Including owner occupier housing costs in measures of inflation
Jonathan Athow writes about including owner occupier housing costs in consumer price inflation and explains why ONS has decided to use the rental equivalence method to estimate them.
One of the key economic statistics that the ONS produces is inflation, the change in prices of goods and services. A particularly challenging issue in inflation measurement is housing costs for home owners. This is difficult both conceptually and in practice, and can also be controversial.
For many goods and services, it is easy to measure the price. When I buy a cup of coffee and pay £1, then that is the price. If the price of the cup of coffee goes up, then I am worse off (other things equal). This is all very straightforward: the payment and the price are the same thing. But it is not the same for areas such as housing.
One difficulty with housing costs can be illustrated with the following example. Take two identical houses sitting side by side, both purchased for £200,000. Alice buys one of the houses for cash, while Ben buys the other house using a mortgage. Both Alice and Ben are getting the same benefit (or consuming the same ‘housing services’ to use the economic language) from the houses as they are identical and cost the same. But the payments they make will differ significantly: one is making monthly mortgage payments, and the other is not. In this case, unlike the cup of coffee example, it is not obvious the payments made here are a good reflection of the price of housing.
Let us extend this example a little. Say Ben decides to remortgage his house to pay for a new, top of the range motorbike (which we will put down to a mid-life crisis). This will mean Ben’s mortgage payments go up, but this is nothing to do with higher housing costs. Rather it is just a change in the way Ben is financing his consumption of goods and services.
This reflects a fundamental challenge: we need to distinguish the price of a good or service from the way it is financed. For this reason mortgage interest payments are not necessarily a good measure of housing costs.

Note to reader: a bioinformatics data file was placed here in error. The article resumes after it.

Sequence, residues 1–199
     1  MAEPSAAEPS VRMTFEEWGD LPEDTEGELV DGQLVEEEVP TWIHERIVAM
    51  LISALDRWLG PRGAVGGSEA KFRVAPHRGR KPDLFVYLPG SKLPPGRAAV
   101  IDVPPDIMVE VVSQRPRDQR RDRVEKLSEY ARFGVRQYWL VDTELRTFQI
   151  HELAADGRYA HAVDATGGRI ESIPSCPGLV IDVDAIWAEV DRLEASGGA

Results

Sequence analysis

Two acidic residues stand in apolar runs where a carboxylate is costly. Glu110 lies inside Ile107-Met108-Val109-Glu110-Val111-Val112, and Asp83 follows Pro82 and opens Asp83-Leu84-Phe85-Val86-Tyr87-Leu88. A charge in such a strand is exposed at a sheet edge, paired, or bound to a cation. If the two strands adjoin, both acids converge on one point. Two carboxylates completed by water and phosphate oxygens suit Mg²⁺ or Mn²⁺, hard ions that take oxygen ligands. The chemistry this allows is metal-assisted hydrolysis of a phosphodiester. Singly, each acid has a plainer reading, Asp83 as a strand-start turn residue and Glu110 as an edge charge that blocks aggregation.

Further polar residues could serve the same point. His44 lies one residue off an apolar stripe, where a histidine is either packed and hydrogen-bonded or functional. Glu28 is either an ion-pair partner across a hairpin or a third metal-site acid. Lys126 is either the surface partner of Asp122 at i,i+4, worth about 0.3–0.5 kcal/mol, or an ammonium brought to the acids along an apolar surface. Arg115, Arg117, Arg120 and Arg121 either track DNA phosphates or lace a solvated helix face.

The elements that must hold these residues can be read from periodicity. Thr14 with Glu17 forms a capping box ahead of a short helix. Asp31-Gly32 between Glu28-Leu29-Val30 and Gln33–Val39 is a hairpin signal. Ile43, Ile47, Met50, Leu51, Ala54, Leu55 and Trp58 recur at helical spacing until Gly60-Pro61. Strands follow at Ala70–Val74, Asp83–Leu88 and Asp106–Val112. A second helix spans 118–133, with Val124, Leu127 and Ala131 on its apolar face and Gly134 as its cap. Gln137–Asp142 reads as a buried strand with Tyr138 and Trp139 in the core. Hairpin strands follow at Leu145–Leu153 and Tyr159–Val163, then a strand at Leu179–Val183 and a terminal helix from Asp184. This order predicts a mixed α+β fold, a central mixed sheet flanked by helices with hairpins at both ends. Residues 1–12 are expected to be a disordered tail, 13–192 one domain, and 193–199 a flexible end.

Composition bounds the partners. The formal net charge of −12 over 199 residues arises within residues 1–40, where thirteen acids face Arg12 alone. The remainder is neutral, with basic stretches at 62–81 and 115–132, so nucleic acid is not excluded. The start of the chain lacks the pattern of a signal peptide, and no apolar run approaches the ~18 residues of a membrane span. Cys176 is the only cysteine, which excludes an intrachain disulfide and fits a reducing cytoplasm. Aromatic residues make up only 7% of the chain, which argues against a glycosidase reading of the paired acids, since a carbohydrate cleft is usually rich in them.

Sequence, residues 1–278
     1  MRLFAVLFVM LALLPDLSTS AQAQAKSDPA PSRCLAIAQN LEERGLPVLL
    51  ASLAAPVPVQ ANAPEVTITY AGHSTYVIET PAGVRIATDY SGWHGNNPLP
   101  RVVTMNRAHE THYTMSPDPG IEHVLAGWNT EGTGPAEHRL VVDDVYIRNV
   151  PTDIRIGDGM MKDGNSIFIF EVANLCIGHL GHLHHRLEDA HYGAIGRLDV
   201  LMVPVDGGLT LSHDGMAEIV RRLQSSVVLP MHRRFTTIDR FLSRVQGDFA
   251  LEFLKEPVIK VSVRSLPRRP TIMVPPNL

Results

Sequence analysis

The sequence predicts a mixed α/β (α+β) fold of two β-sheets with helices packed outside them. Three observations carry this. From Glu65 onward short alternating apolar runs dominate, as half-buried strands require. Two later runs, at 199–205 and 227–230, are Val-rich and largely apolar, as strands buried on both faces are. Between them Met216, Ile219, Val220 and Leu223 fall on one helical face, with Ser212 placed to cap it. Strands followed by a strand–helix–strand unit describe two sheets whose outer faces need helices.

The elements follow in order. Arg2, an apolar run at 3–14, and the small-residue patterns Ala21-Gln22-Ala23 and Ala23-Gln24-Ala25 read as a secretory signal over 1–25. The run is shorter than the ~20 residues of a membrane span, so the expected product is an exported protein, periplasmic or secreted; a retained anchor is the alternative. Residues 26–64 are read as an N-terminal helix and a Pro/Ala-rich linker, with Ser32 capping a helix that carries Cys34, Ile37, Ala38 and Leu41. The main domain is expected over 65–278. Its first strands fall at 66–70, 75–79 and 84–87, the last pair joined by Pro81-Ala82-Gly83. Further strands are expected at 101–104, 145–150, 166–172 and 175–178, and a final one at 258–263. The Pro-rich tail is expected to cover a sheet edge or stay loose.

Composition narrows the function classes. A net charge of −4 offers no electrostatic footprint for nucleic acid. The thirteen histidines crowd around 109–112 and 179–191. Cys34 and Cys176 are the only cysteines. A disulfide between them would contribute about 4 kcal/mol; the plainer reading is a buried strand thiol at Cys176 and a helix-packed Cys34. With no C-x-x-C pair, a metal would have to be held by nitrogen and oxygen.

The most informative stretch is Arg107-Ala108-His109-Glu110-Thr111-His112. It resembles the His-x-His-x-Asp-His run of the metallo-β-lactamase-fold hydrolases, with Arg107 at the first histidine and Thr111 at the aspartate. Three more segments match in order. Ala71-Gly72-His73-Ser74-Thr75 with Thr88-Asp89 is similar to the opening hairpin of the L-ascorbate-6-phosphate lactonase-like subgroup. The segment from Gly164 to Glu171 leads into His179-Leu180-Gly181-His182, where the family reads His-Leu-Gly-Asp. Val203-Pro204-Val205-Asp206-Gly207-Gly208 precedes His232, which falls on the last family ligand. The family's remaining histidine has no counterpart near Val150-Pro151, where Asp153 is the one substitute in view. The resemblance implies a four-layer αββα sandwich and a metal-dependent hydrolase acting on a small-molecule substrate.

“Rental equivalence allows us to address the problem that a house is both an asset and a place to live.”
Directly measuring house prices is also not a good way to measure the costs of housing because a house is both an asset you own and a place to live. If the price of an asset goes up, it makes you better off. This is quite different from the price of goods and services, where as we noted above, higher prices make you worse off. So to make sure we are measuring the price of the consumption of goods and services, we need to separate out the asset price and the cost of ‘housing services’.
The approach to measuring the price of owner occupied housing that the ONS favours is known as rental equivalence. This values the ‘housing services’ you get from your house by looking at what it would cost to rent an equivalent property. This is based on the idea that if you did not own a house, you would need to rent one. Or alternatively, by living in the house I own, I am forgoing the rent I could charge. Therefore the equivalent rent is a good proxy for the costs of housing for owner occupiers.
Rental equivalence allows us to address the problem that a house is both an asset and a place to live. This approach essentially allows us to separate the ‘housing services’ element of a house, as measured by the equivalent rent, from its asset price. We can then focus measures of inflation on the changing price of those ‘housing services’.
The rental equivalence approach needs lots of data on rents to be able to match owner occupiers’ properties to similar properties that are rented. Luckily, there is a source of data within Government: namely the hundreds of thousands of rental prices collected by the Valuation Office Agency and its equivalents in the devolved administrations. These can then be matched to the stock of owner occupied homes to estimate owner occupiers’ housing costs.
We can then use the equivalent rent to measure the price of housing for owner occupiers. This gives us a way of measuring owner occupiers’ housing costs to be included in our measure of inflation.
The ONS continues to monitor different ways of measuring housing costs, and has just published an analysis of how the different approaches would affect the CPIH: https://www.ons.gov.uk/releases/understandingthedifferentapproachesofmeasuringowneroccupiershousingcostsoohweightsanalysis
This shows that taking an average over the last 4 years, using one of the other methods for estimating owner occupiers’ housing costs would only shift the inflation rate by an average of 0.1 percentage points.
Jonathan Athow is the Deputy National Statistician for Economic Statistics